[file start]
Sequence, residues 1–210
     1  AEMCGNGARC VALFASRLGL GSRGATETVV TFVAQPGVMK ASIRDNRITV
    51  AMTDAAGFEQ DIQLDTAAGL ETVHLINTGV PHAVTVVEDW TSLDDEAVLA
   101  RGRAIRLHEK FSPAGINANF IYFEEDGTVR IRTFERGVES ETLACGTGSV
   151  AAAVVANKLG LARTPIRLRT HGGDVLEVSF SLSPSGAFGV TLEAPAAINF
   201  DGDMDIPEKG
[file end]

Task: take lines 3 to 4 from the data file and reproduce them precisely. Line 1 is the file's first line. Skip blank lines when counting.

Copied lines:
    51  AMTDAAGFEQ DIQLDTAAGL ETVHLINTGV PHAVTVVEDW TSLDDEAVLA
   101  RGRAIRLHEK FSPAGINANF IYFEEDGTVR IRTFERGVES ETLACGTGSV